Cluster of three little brown bats with White-nose syndrome.

U.S. Fish and Wildlife Service Unveils National White-Nose Syndrome Plan

Earlier today, the U.S. Fish and Wildlife Service launched a plan combat the still mysterious disease, White-nose syndrome, that has been threatening North America’s hibernating bat populations since 2007. This new plan acts as a road map for more than 100 federal, state, and tribal agencies and scientific researchers currently working on the disease.

In finalizing the plan, the USFWS took into consideration approximately 17,000 comments it had received on the draft plan that was released to the public in October 2010.

White-nose syndrome has far reaching ecological and economic effects that are still not even fully realized. Although much has been learned in the past few year, there is still mch more work to be done. Scientists don’t yet know how the disease is transmitted or how it’s even killing the bats. The presumed cause, Geomyces destructans, a fungus new to science has been identified by researchers working with the U.S. Geological Survey.

Since 2007, the U.S. Interior Department has spent more that $10.8 million on white-nose syndrome, $3 million going to research projects looking for a way to control or cure the disease.

The plans release coincides with the fourth annual WNS Symposium beginning today until May 19th in Little Rock, Arkansas. The symposium will bring in more than 170 of the world’s top scientific experts on bats, wildlife disease, and white-nose syndrome to present their latest research and information.

The next step is for state, federal and tribal land managers to discuss the national response plan work on an implementation strategy.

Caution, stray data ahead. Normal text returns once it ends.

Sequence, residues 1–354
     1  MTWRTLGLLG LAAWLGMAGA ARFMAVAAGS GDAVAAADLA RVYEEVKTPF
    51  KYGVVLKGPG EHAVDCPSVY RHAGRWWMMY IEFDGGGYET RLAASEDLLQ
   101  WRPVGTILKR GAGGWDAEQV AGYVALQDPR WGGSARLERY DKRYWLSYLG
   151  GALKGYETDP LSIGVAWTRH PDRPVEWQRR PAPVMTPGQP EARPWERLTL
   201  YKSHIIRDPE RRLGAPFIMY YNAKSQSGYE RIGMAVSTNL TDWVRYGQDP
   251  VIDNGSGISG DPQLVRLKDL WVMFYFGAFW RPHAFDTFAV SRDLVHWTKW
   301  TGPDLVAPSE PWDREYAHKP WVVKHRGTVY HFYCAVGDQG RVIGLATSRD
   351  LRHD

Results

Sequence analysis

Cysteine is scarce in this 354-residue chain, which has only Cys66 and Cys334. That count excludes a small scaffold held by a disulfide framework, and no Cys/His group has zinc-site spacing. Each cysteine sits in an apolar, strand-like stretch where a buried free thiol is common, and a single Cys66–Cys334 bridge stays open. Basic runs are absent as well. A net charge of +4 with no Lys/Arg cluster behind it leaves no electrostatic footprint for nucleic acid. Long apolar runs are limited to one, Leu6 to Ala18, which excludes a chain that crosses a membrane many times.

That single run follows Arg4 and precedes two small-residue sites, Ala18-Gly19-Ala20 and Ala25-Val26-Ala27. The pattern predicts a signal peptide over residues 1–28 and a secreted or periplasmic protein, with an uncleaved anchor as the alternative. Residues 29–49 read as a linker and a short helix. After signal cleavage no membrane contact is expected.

For more information and to get a copy of the White-Nose Syndrome National Plan, visit U.S. Fish and Wildlife – White-nose Syndrome Page

Fish and Wildlife Service Unveils National Plan to Combat Deadly White-Nose Syndrome in Bats [U.S. Department of the Interior]

Photo by USFWS Headquarters

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Comments (2)

  1. May 18, 2011 at 8:09 am

    Has anyone given any thought to the possibility that the modern 24 hour day is killing bats? And if not then why not? Bats need dark at night – this no longer exists.
    The 24 hour day is killing off Life on Earth, apparently? Because it disrupts circadian rhythms, the natural way of life and has created a circumstance that is unnatural.
    Night follows day in evolutionary terms – turning ON unnecessary light at night promotes environmental failure – period.

  2. Tim McLain
    May 19, 2011 at 5:50 pm

    Plan? This isn’t a plan. It’s a knee-jerk reaction!


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